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4 hours ago, rattanchair said:

Dear bE, Please edify us to the host of factors that could prevent medevac that we should be aware of.  Thank you.

 

I don't know the specific circumstances any more than you do.  That's the point.  Was he even stable enough to travel?  That's the first determination they make.

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8 hours ago, sippican said:

especially if you say

Dear Sip.  I do not say anything. Just for us to look into everything. I am buying all this insurance and hope never to use it, but in the event I need it, then what? Excuses? Why the lawsuit? I have the same questions you have. What happens at sea or in foreign ports, stay at sea and foreign ports. A crew member fell, jumped, or was thrown overboard last month on Carnival Liberty. Nothing has been reported since the incident. Bon voyage mon cher ami !

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9 minutes ago, rattanchair said:

Dear Sip.  I do not say anything. Just for us to look into everything. I am buying all this insurance and hope never to use it, but in the event I need it, then what? Excuses? Why the lawsuit? I have the same questions you have. What happens at sea or in foreign ports, stay at sea and foreign ports. A crew member fell, jumped, or was thrown overboard last month on Carnival Liberty. Nothing has been reported since the incident. Bon voyage mon cher ami !

 

Please, if you are going to quote someone, it helps to include the relevant portion to which you are responding. In your post, you DID say the ship was docked. Other than that, I have no idea how your response above answers my quesions about the inability for the person you referenced to be evacuated by helicopter. 

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6 hours ago, bEwAbG said:

 

I don't know the specific circumstances any more than you do.  That's the point.  Was he even stable enough to travel?  That's the first determination they make.

Obviously he was not stable enough to last the 21 hour trip to San Juan. Would not the family sign a waiver to get him off the ship and medevac him as fast as possible? You would, your wife would, I certainly would sign a waiver to get myself and loved one to rapid evacuation to a proper medical facility.

  I am reminded of a time on board a cruise ship plying the Caribbean and we had the pleasure of having the ship's doctor at our table. It was vacation time and  this doctor was the relief doctor from Norway.  I nonchalantly asked the kind doctor what he was called upon to perform the most on board this luxury line, his answer would shock you !

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20 minutes ago, sippican said:

 

Please, if you are going to quote someone, it helps to include the relevant portion to which you are responding. In your post, you DID say the ship was docked. Other than that, I have no idea how your response above answers my quesions about the inability for the person you referenced to be evacuated by helicopter.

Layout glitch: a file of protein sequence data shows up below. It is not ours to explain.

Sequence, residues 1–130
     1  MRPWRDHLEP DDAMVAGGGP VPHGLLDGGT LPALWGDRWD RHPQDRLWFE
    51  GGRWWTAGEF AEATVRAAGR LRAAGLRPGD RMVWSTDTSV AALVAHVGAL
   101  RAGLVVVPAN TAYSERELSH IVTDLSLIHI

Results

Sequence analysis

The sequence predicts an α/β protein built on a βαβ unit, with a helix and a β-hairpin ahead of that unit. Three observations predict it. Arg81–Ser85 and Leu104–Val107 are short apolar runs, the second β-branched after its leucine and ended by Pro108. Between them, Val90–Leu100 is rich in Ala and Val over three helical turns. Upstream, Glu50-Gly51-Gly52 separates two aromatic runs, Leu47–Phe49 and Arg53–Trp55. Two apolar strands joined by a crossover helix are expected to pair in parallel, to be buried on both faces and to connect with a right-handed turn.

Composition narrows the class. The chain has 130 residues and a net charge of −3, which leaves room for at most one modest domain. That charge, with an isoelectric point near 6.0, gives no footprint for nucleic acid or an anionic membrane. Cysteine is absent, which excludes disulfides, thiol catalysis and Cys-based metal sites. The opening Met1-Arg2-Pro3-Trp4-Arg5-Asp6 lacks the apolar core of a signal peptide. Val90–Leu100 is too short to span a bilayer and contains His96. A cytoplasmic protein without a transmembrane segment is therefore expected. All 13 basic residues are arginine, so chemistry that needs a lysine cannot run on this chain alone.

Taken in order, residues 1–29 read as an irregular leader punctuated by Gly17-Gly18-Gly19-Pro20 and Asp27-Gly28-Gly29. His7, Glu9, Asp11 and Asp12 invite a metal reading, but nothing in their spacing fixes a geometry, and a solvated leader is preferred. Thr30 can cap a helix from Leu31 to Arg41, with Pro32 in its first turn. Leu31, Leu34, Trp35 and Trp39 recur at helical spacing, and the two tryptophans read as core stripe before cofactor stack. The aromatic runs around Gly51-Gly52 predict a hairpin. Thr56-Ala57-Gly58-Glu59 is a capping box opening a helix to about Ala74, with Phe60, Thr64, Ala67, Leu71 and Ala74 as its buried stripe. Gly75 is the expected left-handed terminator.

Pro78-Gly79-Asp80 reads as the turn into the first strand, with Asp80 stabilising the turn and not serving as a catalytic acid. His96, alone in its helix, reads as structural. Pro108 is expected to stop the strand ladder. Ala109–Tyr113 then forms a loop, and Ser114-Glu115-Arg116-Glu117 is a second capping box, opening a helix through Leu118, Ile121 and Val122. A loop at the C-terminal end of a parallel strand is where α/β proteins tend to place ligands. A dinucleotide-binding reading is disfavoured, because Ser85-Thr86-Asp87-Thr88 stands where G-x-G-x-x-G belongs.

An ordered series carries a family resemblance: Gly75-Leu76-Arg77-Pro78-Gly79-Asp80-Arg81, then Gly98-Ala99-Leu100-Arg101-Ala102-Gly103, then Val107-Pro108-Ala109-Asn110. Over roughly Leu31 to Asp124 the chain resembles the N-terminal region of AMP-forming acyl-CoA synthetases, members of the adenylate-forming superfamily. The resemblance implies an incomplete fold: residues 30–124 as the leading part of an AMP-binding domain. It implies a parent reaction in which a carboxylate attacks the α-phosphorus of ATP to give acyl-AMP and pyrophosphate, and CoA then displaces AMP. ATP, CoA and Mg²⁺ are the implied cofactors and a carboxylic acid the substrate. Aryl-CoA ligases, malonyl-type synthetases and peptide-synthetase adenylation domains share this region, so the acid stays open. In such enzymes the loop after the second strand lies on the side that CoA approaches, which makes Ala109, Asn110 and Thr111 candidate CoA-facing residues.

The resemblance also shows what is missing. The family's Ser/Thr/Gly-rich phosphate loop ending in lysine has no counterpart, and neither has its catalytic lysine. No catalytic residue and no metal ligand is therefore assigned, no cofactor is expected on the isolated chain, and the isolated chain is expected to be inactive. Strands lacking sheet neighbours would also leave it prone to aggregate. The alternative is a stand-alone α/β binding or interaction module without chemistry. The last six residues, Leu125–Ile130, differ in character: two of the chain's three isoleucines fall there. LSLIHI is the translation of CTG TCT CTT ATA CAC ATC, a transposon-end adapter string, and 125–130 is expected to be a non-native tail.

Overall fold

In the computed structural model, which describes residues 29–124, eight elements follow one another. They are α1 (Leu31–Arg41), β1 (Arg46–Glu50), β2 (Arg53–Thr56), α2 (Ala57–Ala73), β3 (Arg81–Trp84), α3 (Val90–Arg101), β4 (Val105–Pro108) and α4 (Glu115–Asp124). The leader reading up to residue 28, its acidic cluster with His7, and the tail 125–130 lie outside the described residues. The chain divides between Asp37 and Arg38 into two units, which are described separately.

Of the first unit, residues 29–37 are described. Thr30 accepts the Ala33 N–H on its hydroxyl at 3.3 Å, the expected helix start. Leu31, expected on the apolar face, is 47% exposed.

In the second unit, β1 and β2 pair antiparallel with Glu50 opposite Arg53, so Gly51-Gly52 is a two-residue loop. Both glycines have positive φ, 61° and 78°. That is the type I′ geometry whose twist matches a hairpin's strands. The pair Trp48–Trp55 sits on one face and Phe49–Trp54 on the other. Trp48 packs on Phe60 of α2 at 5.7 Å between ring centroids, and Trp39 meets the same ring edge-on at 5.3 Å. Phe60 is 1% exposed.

Dear Sip, Again , I have the same question...We are both asking the same question. Why was he not able to be evacuated by helicopter to a medevac plane ?

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1 hour ago, rattanchair said:

Obviously he was not stable enough to last the 21 hour trip to San Juan. Would not the family sign a waiver to get him off the ship and medevac him as fast as possible? You would, your wife would, I certainly would sign a waiver to get myself and loved one to rapid evacuation to a proper medical facility.

  I am reminded of a time on board a cruise ship plying the Caribbean and we had the pleasure of having the ship's doctor at our table. It was vacation time and  this doctor was the relief doctor from Norway.  I nonchalantly asked the kind doctor what he was called upon to perform the most on board this luxury line, his answer would shock you !

 

Well???  don't leave us in suspense like that...

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11 hours ago, FlamingJune1967 said:

 

Well???  don't leave us in suspense like that...

Dear Flame,  We all expected something like sea sickness, nausea, even vomiting. But no. Our jaws dropped and we  were left speechless waiting for another tablemate to break the ice. I hesitate to repeat it. I just looked up another less pejorative word ,which still I hesitate to use in polite company .... induced miscarriages.

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We had a cruise booked for Japan and the day we were supposed to fly to Dallas to catch the flight to Tokyo the next morning, we received an email from Princess that they were expecting two typhoons to hit Japan during the next two weeks, so a lot of ports had been canceled. We don't mind staying two weeks on a cruise in the caribbean, but we will definitely not fly to Japan to spend two weeks on a ship.  We canceled the cruise and got 100% refund. So we always buy insurance from the cruise line.  When we travel without cruising, we get it from Generali travel insurance that we found on insuremytrip . com

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My point is that these cruise lines are not hiring cardiologists; And I am not saying they should or should not. I am saying the public has a need to know. So we can make informed decisions. There is too much cover-up. Jeffrey Eisenman death on board the Carnival Sunshine has no real information as to what happened. His family claims they were told he wasn't able to get off because somebody else had to be medically evacuated first. Yes, Yes, according to Rosseau "there are always four sides to a story: your side, their side, the truth and what really happened." It is just so difficult get anything concrete to base a choice on which cruise lines have a better culture in regard to the welfare of its passengers. Everything is settled out of court and is 'swept under the carpet'. Could the number of third world crew members falling or jumping off (reported) or just leaving before their contracts are up (not reported) be an indication of cruise line culture that carries over to passenger indifference? Whether we live or die appears inconsequential to cruise line officers on board and officials stateside. The captain left Grand Turk at 4 pm, could he not wait for another helicopter to return (if there was one to begin with). Always more questions than answers, to all our detriment.